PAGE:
Thursday, December 20, 2018


“God made us cousins because He knew our mothers could not handle us as siblings.”

Cousins are the collaborators in the petty crimes of our youth. They are the brothers and sisters that siblingless children didn’t get, the Confessors to our untold sins, bridesmaids and groomsmen at weddings, and bearers of the pall at funerals.

Cousins are who you call as a last-minute “second” to an event for which you have no legitimate date. Instead of friends with benefits, they are friends with no-strings-attached, no judgement with which to reckon, and little remorse when things blow up, because you, as cousins, are their entertainment.

Rebecca was my cousin.
She, of raven hair and fair skin that browned and freckled in the summer, was three years older, and always two-steps ahead. She spoke fluent Spanish, lived in Mexico, and was seen only once a year at family Christmas gatherings (we were convinced she was a CIA operative working the drug cartels.) She was a teacher to many, a mentor to most, and was forever posting corniness on the internet—the usual tripe about puppies and kittens, John Wayne and Jesus—but those were all a true reflection of the genuineness in her heart. She loved animals. She adored John Wayne. She loved Jesus—and that was the source of her eternal lightness when all around her was dark.

Becky would greet me on Instant Messenger, early on Saturday mornings, as I prepared for an airshift. No sane civilians were ever up at that hour—but Becky was—posting clever platitudes and encouraging words to her newsfeed. Always a source of positivity—that was my cousin Becky.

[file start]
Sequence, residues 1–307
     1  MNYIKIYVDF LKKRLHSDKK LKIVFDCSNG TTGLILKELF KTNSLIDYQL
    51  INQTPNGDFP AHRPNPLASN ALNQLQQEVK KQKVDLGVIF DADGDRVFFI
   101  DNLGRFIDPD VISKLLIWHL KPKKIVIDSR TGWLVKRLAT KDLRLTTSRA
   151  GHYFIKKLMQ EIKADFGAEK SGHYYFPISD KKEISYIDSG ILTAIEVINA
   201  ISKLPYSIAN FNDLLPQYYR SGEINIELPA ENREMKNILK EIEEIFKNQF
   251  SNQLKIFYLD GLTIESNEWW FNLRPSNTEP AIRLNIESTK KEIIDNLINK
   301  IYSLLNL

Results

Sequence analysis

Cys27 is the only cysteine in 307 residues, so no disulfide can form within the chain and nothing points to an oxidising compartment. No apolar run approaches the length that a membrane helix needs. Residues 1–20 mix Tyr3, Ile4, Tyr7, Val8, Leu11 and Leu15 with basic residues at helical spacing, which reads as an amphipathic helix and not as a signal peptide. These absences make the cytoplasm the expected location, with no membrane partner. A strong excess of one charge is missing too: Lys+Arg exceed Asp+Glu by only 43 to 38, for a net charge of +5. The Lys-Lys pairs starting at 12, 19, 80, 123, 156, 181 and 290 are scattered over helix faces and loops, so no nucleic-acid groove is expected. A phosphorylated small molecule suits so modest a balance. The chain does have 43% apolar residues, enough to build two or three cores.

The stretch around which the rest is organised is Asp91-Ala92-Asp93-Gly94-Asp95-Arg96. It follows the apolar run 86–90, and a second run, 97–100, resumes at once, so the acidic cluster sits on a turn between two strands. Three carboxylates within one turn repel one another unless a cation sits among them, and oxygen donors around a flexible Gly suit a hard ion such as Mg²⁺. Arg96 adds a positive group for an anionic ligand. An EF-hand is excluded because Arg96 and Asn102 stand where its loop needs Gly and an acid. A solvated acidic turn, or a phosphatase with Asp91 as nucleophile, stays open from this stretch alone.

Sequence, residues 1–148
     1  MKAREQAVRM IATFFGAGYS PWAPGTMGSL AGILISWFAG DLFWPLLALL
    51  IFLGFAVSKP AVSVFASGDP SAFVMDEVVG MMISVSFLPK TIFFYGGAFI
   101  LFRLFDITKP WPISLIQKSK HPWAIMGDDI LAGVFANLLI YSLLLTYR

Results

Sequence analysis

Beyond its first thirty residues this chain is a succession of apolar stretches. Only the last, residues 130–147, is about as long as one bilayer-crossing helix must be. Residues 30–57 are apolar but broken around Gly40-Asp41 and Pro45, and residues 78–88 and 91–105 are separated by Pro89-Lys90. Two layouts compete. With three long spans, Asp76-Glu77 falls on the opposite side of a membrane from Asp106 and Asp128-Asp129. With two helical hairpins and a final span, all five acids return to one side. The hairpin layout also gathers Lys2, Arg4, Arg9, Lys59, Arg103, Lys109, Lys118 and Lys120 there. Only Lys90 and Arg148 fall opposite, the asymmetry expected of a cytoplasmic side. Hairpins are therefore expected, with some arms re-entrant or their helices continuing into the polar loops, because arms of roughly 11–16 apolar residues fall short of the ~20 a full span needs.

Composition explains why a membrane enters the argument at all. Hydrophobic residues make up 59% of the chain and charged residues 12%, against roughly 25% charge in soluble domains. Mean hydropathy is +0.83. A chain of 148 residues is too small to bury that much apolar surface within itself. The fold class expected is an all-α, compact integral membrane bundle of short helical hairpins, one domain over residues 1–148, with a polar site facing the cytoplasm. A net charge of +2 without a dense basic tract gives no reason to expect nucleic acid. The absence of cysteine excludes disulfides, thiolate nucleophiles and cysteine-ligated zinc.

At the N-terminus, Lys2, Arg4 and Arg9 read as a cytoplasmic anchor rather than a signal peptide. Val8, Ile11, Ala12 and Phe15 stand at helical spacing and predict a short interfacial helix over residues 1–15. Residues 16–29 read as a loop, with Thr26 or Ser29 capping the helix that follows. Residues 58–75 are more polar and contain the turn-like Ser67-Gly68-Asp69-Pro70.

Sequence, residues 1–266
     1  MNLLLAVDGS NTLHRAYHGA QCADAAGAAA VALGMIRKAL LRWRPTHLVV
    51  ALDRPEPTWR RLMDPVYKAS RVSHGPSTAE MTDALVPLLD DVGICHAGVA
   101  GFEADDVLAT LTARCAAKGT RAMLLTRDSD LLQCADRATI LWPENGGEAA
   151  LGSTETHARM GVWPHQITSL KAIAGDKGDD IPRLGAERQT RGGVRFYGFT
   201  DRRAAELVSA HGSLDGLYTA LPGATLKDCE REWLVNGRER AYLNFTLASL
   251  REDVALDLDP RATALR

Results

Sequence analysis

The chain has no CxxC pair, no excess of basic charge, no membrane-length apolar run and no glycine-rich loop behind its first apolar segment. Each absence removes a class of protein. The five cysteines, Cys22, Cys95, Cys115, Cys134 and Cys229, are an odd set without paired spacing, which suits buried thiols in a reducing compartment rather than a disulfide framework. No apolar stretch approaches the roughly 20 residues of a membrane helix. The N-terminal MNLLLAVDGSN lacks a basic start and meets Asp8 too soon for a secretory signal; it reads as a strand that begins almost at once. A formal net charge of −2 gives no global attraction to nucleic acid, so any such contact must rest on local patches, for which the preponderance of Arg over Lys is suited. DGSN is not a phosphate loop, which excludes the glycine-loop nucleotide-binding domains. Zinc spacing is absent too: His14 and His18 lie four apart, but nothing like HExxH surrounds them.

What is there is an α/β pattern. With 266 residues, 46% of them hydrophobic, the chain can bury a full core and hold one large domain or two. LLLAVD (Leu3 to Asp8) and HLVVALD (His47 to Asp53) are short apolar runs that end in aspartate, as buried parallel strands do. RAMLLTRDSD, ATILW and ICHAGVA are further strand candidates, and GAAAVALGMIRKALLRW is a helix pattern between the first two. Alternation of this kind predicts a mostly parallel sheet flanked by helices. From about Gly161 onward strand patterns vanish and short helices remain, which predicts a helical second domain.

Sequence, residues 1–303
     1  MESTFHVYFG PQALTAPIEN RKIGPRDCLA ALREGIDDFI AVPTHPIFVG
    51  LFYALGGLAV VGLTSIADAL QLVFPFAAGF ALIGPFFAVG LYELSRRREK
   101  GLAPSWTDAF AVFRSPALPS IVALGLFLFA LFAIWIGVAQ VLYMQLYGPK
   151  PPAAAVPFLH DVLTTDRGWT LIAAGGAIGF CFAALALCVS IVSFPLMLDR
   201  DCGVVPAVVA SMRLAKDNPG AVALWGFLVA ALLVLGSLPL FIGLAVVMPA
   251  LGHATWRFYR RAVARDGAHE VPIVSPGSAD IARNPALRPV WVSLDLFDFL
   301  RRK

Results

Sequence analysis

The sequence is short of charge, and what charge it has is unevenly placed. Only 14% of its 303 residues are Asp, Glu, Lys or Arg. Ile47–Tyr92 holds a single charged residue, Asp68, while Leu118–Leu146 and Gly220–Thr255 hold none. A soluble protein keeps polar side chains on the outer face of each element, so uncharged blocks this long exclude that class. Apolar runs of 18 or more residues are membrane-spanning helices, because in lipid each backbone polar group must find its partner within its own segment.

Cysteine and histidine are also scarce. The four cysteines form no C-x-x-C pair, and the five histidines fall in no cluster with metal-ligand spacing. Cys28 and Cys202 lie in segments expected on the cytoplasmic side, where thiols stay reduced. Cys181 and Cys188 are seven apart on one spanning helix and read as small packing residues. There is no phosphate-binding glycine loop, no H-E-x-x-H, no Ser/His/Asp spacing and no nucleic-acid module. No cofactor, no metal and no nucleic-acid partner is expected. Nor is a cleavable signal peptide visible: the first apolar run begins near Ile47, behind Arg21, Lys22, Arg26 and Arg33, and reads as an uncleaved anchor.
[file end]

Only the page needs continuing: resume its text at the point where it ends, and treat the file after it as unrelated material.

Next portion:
Despite setbacks that would overwhelm any of us—the early passing of our Aunt Shirley, a foundered marriage, the untimely death of her brother, Bill, battles with cancer, the death of a beloved brother-in-law, Russell, and most recently, the passing of her father—Rebecca’s faith kept her going. Her compass always pointed true north. Her Faith gave her traction when everything else seemed to be slipping away. And when that car swerved out of the fog and into her lane on Wednesday morning, Becky faced a final test—and passed—into the arms of Jesus, and Shirley, and Bill, and William, and Russell, and other of our cousins, aunts, uncles, and grandparents who have already gone on before us.

To the students Ms. Harlow touched, remember: Her kindnesses to you all, regardless of what was going on in her life. Remember how she treated you all, regardless of skin color, language, or social status. All were beloved by her. Emulate her example with everyone else that you touch. Honor the memory of Ms. Harlow by serving others as she served and taught you. The world will be a better place for generations if you do this simple thing.

Marion Garretty once wrote, “A cousin is a little bit of childhood that can never be lost.” Perhaps so. But a portion of my childhood has passed from this playground to the next.
I shall miss her.